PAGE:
Everyone's complaint about the urban landscape in Los Angeles is that there is none, and it's quite true: the kind of density and compression that takes a mere agglomeration of buildings and turns them into a 'city' is missing. John Humble understands this condition. Focusing almost exclusively on the metropolitan landscape of Los Angeles for the past 18 years, Humble's impressive output of colour photographs does for LA by day what Brassai did for Paris by night. Despite their geographic specificity, though, what makes Humble's pictures intriguing isn't the way they create a sense of place about the city, but how they capture its sense of dislocation.
A classic image from 1995 shows a low-slung building stranded on an empty boulevard. The upper half of the print gradually thickens into an unblemished expanse of deep blue sky. Giant lettering in fluorescent pink across the windows not only announces the building's function as a thrift store, but also perfectly accents the salmon-coloured stucco which, along with a healthy dose of turquoise trim, makes the whole thing look like a lost child wandering the streets in a ragged party dress. But then, almost everything Humble photographs looks either lost or out of place. In other pictures, powerlines, huge transformer towers, smoke stacks and grunting industrial infrastructures are often shown erupting right next door to trim little one-family bungalows with neat rock gardens in the front and stately hedges of Italian cypress in the back.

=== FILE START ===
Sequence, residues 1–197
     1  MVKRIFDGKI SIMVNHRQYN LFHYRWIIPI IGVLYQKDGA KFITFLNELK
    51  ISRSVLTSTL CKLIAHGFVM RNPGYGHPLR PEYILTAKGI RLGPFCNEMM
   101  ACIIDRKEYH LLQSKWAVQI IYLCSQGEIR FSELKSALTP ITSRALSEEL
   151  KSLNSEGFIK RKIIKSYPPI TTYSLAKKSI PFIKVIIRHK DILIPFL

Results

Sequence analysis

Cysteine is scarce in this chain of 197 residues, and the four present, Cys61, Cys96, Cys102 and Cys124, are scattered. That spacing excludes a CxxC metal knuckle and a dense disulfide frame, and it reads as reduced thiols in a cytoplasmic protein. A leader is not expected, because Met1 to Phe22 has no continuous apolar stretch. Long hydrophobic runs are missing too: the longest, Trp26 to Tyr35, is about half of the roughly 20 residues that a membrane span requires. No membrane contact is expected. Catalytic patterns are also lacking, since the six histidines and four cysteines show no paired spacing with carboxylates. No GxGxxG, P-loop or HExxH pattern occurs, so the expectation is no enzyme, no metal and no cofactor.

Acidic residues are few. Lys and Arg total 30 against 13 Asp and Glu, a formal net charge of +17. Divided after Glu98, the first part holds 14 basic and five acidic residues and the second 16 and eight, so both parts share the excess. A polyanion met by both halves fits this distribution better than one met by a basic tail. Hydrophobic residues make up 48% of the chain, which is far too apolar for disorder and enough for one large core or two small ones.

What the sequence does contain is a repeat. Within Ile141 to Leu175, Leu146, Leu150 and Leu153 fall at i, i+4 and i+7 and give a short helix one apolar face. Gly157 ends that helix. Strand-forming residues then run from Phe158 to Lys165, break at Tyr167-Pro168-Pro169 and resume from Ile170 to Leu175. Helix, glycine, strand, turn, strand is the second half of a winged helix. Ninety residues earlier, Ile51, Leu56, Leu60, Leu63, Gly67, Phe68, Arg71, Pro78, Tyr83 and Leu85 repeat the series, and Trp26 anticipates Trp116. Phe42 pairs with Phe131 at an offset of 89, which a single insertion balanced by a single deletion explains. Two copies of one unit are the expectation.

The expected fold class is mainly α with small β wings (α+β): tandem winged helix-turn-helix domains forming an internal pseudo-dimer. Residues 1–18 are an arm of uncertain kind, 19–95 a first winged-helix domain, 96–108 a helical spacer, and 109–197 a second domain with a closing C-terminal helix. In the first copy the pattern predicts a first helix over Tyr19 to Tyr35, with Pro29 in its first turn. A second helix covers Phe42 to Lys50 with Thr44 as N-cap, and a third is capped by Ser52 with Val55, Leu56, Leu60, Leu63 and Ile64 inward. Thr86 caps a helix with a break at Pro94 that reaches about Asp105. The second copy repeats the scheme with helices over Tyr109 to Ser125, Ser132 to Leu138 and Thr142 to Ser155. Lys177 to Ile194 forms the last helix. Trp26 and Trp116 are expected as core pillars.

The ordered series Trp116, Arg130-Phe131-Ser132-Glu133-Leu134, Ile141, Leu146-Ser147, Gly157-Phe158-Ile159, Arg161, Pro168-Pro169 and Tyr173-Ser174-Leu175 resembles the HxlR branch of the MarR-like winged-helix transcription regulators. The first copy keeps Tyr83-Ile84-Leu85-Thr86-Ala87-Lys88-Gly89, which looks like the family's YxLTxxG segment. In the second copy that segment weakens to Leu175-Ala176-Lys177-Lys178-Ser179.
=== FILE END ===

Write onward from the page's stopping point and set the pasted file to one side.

On the surface, Humble's newest work looks radically different, but a case can be argued that it's driven by the same underlying theme of placelessness - only more so. 15 different views of the sea, all composed the same way with a horizon line roughly one quarter of the way up from the bottom, yet all entirely different in mood and atmosphere, greet the visitor. The first thing one has to assimilate is the blatant familiarity of the subject. From Winslow Homer to Jaws, no sense of 'place' has been more laboriously constructed than the sea. Nor is Humble unaware of how much the ocean-front contributes to the particular ethos of LA, usually in the most clichéd of ways. What makes this photographic essay so enjoyable is precisely the way the photographer throws a conceptual lasso around all those precedents and redirects their meaning without compromising any of their visual energy.
Viewers are re-oriented toward the expectations they bring to bear on the pictures by one jarring piece of information. It's found in the collective title of the exhibition: 'Lifeguard Station 26'. What looks like a vast range of seascapes are in fact all views of the water and sky taken from the same spot on the beach. All that changes is the time of day and season - Humble worked on the project for over 12 months. The range of resulting views is vast indeed, covering everything from the kind of gun-metal grey sea in which the violent surf seems to burst with invective, and before which you'd expect to find Captain Ahab bursting right back, to the sensuous swells and mango coloured skies of either a lover's paradise or an advertisement for cheap flights to Hawaii.
The camera-work is straightforward, but the images are about a kind of theatricality, about a scene which re-clothes itself as constantly as an actor and plays out wildly different dramas on the same stage. The final impression is not just one of flux, but of masquerade and an almost wilful refusal of identity. In a sense Humble points his camera at absolutely nothing: empty sky, unbounded ocean, unoccupied horizon. An infinite number of different points along the coastline would have offered similar views. Even the one indicator of locale - Lifeguard Station 26 - is merely an anonymous bureaucratic denotation. As with his photos of urban LA, Humble doesn't rectify a sense of placelessness, but in an act of gentle negotiation between camera and subject, makes it perceptible.